DERY | Upperclassmen should actively introduce first-years to normal campus life post-COVID

I used to envision a daily routine where I wake up early enough for a relaxed breakfast, and make the most of my spare time in between walking from class to class. When I first started college last fall, these goals regressed into oblivion in a matter of a few weeks and my standards fell to limiting myself from pressing snooze more than twice. Now, in a semester where going to class requires the minimum of a few presses of the mouse, my optimism heading into the semester — including a hope for a routine as close to “normal” as possible — has fared even worse. 

For many of us, online classes have only enabled the tendency to only do just enough to get to class on time — and it has greatly lowered that threshold. What used to be a morning routine and walk to class is now a roll out of bed. This heightened convenience has let even those of us on the strictest regimens slip up.

CHANG | COVID Lessons Yet Unlearned

“This semester is just so weird.” 

“I don’t know what it is, but this semester is harder than all the other ones I’ve had … and I’m a senior.”

“I’m studying remotely, but this is still hell.”

This is just a small sampling of where so many Cornellians are at this semester, as classes end (for the first time) and we begin a schedule of semifinal exams and project deadlines before returning to two more weeks of being beat up all over again. Weary, seasonally depressed, hurting and alone in so many ways, what are the lessons we can take from this semester in preparation for the next? When I first registered for classes this semester, I thought that coursework might be a bit easier. The end of last semester demonstrated that professors realized that online exams were nearly impossible, and it was much better to use open-note formats, which I perceived to be less challenging. This pattern was repeated this year: Fewer classes have exams, and instead, course staff are relying on projects, assignments, problem sets and quizzes to assess students.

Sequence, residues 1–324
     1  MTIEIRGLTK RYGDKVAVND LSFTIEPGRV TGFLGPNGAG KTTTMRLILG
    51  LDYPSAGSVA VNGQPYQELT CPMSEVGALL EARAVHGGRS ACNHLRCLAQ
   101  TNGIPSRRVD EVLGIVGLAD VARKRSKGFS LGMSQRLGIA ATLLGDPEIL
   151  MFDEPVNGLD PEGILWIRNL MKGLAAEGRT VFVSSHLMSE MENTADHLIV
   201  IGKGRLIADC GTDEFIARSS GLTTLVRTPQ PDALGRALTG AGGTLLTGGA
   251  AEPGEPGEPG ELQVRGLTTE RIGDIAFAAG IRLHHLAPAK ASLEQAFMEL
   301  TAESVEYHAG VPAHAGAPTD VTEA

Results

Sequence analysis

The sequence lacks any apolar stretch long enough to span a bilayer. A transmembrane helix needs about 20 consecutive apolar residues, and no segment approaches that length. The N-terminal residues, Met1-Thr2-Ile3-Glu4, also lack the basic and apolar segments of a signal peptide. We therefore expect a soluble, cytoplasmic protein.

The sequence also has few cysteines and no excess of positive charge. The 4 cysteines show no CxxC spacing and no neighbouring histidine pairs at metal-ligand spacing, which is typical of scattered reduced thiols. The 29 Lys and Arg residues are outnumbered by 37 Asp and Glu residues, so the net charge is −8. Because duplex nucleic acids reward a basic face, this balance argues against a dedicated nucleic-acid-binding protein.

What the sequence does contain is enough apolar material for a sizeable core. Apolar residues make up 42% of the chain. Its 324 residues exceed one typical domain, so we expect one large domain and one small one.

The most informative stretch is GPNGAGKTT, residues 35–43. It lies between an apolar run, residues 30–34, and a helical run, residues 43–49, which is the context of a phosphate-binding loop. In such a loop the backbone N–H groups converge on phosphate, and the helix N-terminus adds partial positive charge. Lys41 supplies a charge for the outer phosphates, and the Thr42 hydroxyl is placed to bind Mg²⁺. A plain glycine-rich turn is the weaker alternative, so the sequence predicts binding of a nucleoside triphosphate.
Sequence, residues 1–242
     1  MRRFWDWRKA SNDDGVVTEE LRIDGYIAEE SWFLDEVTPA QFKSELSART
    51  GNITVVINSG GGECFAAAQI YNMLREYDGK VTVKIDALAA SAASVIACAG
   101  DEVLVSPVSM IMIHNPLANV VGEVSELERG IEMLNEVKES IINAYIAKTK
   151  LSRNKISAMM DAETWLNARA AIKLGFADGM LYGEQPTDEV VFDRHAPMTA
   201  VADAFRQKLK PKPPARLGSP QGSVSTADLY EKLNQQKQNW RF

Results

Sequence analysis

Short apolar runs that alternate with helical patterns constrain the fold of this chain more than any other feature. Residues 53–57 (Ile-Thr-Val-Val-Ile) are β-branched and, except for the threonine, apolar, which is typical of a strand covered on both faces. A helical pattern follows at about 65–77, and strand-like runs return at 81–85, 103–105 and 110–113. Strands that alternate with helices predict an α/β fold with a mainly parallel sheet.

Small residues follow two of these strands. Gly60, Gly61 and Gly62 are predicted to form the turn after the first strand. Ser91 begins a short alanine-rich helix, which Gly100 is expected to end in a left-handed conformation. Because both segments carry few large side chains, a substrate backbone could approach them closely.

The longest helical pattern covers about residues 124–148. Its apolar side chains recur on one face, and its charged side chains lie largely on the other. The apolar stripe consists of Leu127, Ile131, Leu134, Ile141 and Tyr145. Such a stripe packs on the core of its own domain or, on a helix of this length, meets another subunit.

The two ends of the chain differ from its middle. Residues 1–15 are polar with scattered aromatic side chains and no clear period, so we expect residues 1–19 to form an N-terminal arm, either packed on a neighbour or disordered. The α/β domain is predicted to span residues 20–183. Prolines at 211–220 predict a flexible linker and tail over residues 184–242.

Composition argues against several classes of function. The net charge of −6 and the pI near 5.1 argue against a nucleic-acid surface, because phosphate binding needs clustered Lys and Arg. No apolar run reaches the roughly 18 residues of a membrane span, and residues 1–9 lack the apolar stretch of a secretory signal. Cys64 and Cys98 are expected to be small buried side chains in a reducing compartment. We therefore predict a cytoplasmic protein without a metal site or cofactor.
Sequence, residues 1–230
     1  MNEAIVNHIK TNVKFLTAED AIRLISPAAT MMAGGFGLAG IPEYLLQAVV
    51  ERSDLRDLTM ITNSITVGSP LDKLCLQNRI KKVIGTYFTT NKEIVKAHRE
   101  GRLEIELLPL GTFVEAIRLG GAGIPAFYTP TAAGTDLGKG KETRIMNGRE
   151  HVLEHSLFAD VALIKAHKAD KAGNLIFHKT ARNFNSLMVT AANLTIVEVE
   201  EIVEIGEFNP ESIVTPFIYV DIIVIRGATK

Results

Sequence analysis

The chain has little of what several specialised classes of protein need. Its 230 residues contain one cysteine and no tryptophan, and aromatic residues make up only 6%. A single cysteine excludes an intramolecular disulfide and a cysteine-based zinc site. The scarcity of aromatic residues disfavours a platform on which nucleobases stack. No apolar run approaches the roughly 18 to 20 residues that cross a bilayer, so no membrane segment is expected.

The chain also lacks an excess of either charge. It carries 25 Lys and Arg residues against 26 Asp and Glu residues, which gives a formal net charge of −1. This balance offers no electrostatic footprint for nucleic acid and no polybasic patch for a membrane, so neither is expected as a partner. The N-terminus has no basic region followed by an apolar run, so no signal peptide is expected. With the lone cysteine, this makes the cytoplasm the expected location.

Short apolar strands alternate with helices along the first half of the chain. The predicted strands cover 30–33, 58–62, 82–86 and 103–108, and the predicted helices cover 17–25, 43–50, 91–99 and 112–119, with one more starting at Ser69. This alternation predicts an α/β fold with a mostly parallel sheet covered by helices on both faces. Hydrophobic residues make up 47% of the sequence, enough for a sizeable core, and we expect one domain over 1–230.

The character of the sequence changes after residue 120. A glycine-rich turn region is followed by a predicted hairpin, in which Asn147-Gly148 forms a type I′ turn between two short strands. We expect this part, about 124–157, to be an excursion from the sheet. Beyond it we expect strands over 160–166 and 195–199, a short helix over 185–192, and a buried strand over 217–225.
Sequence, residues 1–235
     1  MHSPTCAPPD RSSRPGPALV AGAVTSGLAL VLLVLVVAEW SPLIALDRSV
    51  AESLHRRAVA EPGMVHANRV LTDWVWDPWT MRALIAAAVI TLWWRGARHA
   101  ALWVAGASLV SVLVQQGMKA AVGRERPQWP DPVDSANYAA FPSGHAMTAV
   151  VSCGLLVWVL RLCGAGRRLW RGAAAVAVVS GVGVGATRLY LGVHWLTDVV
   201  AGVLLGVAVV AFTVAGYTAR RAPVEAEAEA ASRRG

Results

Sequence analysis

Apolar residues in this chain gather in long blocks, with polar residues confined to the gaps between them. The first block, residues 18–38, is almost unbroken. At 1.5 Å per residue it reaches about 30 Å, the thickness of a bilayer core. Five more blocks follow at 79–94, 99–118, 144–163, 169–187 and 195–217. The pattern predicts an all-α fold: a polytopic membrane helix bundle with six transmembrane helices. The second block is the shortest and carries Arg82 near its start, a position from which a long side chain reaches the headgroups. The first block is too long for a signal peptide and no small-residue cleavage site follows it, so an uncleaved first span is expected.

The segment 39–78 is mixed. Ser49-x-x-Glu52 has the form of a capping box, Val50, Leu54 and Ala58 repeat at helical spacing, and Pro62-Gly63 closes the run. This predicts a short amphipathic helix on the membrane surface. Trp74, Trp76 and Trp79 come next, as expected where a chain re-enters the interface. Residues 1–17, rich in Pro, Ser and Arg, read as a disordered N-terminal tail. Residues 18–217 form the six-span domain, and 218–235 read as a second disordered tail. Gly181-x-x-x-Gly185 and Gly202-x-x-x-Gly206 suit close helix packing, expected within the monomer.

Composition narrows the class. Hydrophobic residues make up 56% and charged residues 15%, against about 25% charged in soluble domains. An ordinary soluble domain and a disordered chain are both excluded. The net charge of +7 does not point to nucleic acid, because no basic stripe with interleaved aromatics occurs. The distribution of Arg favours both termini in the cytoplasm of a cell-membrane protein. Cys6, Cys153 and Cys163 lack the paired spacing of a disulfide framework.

SMITH | On Friendships, Cornell and Covid

My mom’s favorite things to share about her college experience were all the memories she had of her friends. The late night study sessions, the dorm dynamics, the nights out, and sneaking extra coffee cake from the dining hall. So as I took my first steps on North Campus, I was filled with excitement and expectation thinking of the great friendships that awaited me. Similarly to high school, I was fed a narrative of college being the greatest time of my life, the place where I would make my forever friends and other rose-tinted statements that are simultaneously true and false. 

While I certainly talked to and gave a lot of people my phone number during O-Week, a lot of those numbers are sitting in my contacts like emails in my inbox from the club listservs I joined out of genuine interest but never ended up going to. Still, I’ve met many wonderful people that have been invaluable to me as pillars of support, cheerleaders, relationship coaches, comedians, study buddies and just proof that amazing human beings are out there.

Amidst the Pandemic, Masita is Earning Its Spot on the Collegetown Scene

When Jin Kim and Jeesoo Lee opened Masita this past winter, they (like the rest of us) had no way of knowing what was right around the corner. The coronavirus hit restaurant owners incredibly hard, and many Ithaca businesses were forced to close their doors and regroup. Kim and Lee, having only been open for a month, were at a major disadvantage, as they lacked the dedicated fanbase of other established restaurants. Fortunately, Masita was not their first rodeo. Back in South Korea, the two women were longtime business partners and owned multiple successful restaurants together.